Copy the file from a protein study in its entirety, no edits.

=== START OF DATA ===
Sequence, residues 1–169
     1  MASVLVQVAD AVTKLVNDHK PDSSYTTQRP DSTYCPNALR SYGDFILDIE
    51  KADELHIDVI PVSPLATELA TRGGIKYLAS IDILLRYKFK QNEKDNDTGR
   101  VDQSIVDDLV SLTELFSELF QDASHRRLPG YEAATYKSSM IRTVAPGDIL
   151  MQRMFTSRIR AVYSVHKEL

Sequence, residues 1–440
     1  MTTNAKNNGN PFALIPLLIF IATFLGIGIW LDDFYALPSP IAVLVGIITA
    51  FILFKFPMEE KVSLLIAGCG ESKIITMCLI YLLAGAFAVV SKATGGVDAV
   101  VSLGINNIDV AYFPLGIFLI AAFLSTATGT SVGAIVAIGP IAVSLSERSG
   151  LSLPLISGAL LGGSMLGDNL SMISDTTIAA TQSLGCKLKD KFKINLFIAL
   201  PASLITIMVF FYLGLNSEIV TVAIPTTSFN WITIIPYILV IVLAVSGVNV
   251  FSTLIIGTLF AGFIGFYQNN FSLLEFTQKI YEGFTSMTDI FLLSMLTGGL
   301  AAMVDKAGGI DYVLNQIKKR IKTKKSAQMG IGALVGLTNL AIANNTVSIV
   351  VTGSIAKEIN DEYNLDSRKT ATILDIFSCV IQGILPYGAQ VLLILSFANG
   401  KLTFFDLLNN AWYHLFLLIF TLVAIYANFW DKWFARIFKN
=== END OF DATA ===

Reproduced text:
Sequence, residues 1–169
     1  MASVLVQVAD AVTKLVNDHK PDSSYTTQRP DSTYCPNALR SYGDFILDIE
    51  KADELHIDVI PVSPLATELA TRGGIKYLAS IDILLRYKFK QNEKDNDTGR
   101  VDQSIVDDLV SLTELFSELF QDASHRRLPG YEAATYKSSM IRTVAPGDIL
   151  MQRMFTSRIR AVYSVHKEL

Sequence, residues 1–440
     1  MTTNAKNNGN PFALIPLLIF IATFLGIGIW LDDFYALPSP IAVLVGIITA
    51  FILFKFPMEE KVSLLIAGCG ESKIITMCLI YLLAGAFAVV SKATGGVDAV
   101  VSLGINNIDV AYFPLGIFLI AAFLSTATGT SVGAIVAIGP IAVSLSERSG
   151  LSLPLISGAL LGGSMLGDNL SMISDTTIAA TQSLGCKLKD KFKINLFIAL
   201  PASLITIMVF FYLGLNSEIV TVAIPTTSFN WITIIPYILV IVLAVSGVNV
   251  FSTLIIGTLF AGFIGFYQNN FSLLEFTQKI YEGFTSMTDI FLLSMLTGGL
   301  AAMVDKAGGI DYVLNQIKKR IKTKKSAQMG IGALVGLTNL AIANNTVSIV
   351  VTGSIAKEIN DEYNLDSRKT ATILDIFSCV IQGILPYGAQ VLLILSFANG
   401  KLTFFDLLNN AWYHLFLLIF TLVAIYANFW DKWFARIFKN